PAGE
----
Better use of computer systems in general practice could reduce errors in GP prescribing, which are currently found in one in 20 prescriptions, a major study has recommended.
An investigation of prescribing in general practice commissioned by the General Medical Council, found most errors were classified as mild or moderate, but one in 550 was judged to be serious.
It recommends a greater role for pharmacists in supporting GPs, more effective use of IT in general practice, and extra emphasis on prescribing in GP training to address the issue.
Professor Sir Peter Rubin, chair of the GMC, said GPs were typically very busy so it was important to make sure that prescribing was given the priority it needed.
He added: “Using effective computer systems to ensure potential errors are flagged and patients are monitored correctly is a very important way to minimise errors.”
The PRACtICe study (Prevalence and causes of prescribing errors in general practice) is the largest study of its kind.
It looked at 6,048 unique prescribing items for 1,777 patients from 15 GP practices. It reviewed errors using interviews with prescribers, root cause analyses and focus groups with primary health care team members.
It found the most common errors were missing information on dosage, prescribing an incorrect dosage, and failing to make sure that patients got necessary monitoring through blood tests.
The report recommends that practices develop strategies to make the best use of the safety features that are already present on their systems.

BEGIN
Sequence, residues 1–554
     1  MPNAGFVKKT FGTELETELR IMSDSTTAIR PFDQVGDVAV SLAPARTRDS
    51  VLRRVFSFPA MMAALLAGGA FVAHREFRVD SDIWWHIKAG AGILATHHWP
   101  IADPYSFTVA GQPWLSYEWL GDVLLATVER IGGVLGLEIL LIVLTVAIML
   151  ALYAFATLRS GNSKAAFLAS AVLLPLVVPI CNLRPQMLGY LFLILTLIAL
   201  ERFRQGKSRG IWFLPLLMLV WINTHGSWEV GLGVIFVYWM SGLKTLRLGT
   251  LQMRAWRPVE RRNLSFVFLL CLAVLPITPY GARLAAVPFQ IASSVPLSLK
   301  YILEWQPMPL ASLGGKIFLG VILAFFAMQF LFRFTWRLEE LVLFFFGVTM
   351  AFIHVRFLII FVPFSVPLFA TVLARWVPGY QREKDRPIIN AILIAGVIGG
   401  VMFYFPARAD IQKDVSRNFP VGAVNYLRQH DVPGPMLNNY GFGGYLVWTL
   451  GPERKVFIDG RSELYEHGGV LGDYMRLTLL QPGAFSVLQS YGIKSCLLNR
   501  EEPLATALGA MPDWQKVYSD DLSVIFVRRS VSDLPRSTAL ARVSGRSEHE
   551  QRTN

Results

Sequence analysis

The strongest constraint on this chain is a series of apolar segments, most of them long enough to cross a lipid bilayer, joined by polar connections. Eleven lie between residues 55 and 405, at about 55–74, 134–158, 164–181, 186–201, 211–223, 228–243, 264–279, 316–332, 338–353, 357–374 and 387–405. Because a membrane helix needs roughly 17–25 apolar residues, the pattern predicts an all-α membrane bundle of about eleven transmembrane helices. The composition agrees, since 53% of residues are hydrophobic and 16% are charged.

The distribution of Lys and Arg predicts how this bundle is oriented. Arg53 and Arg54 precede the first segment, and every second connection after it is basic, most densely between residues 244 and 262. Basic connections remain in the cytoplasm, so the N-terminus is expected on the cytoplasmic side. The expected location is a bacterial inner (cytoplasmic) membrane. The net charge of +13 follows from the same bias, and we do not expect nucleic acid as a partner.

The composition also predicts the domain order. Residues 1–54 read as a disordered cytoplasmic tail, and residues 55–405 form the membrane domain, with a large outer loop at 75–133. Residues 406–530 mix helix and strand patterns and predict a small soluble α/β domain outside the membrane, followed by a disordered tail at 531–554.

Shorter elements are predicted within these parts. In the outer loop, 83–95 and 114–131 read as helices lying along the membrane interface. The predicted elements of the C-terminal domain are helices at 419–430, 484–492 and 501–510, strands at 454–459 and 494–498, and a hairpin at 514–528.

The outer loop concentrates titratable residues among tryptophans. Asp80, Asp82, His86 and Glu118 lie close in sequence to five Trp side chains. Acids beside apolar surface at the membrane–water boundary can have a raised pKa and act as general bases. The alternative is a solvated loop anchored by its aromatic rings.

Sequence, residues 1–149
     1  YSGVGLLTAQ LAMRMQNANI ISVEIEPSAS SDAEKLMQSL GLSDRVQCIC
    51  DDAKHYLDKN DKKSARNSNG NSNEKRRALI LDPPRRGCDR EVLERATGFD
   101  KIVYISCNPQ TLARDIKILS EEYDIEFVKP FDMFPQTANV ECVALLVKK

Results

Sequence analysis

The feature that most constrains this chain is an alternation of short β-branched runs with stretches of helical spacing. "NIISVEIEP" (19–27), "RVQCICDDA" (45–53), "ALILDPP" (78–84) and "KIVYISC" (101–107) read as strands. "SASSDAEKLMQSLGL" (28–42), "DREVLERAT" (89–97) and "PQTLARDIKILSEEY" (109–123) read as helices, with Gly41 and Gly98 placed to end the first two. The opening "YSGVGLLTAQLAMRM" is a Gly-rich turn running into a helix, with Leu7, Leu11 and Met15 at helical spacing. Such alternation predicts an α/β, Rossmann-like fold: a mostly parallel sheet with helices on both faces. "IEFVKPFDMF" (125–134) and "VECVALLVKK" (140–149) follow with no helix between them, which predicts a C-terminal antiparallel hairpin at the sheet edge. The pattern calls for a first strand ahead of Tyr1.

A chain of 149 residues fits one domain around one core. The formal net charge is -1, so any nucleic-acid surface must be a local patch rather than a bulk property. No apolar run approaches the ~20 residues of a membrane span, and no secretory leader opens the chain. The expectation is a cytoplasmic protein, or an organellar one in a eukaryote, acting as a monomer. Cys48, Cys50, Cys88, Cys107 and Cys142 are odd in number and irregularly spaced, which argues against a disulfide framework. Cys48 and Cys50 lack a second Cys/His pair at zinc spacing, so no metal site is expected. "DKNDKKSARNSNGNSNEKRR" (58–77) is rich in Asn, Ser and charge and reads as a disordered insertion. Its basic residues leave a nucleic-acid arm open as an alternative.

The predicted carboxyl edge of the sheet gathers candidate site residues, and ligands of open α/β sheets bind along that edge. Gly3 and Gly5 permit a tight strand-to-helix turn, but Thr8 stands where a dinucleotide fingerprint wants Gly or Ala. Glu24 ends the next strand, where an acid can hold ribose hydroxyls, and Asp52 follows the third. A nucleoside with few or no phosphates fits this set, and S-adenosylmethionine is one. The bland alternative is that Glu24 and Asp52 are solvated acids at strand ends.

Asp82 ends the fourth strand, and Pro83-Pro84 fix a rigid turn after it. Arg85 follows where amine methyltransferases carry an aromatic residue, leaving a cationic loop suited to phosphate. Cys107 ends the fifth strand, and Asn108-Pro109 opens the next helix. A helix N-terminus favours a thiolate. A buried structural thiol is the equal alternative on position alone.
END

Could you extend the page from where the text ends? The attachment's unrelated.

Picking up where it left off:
It said the GMC should also discuss the outcome of the study with organisations with a remit for quality assurance including the Royal College of GPs and the General Pharmaceutical Council.
These discussions should cover whether improvements could be made in the training of GPs and practice staff to make the best use of prescribing features in GP computer systems.
The report also says that consideration should be given to the use of pre-specified ‘order sentences’ to encourage prescribers to provide appropriate dosage instructions. It adds that context-specific dosage guidance could be provided, taking account of patient factors such as age and renal function.
The authors say consideration should also be given to alerts for blood test-monitoring for certain drugs and for the most common and important examples of hazardous prescribing.
These alerts would be in addition to drug-drug interaction alerts, which are already present on all GP clinical computer systems in the UK.
The report outlines other strategies that could be used to improve use of IT. These include avoiding similar drug names being adjacent in pick lists, running searches on clinical records systems to identify potential prescribing errors and patients requiring blood-test monitoring, and familiarising locums with health information technologies available in practices.
Professor Tony Avery from Nottingham University’s medical school who led the report said prescribing was a skill and one that doctors should take time to develop and keep up to date.
He added: “Few prescriptions were associated with significant risks to patients but it’s important that we do everything we can to avoid all errors.
“GPs must ensure they have ongoing training in prescribing and practices should ensure they have safe and effective systems in place for repeat prescribing and monitoring.”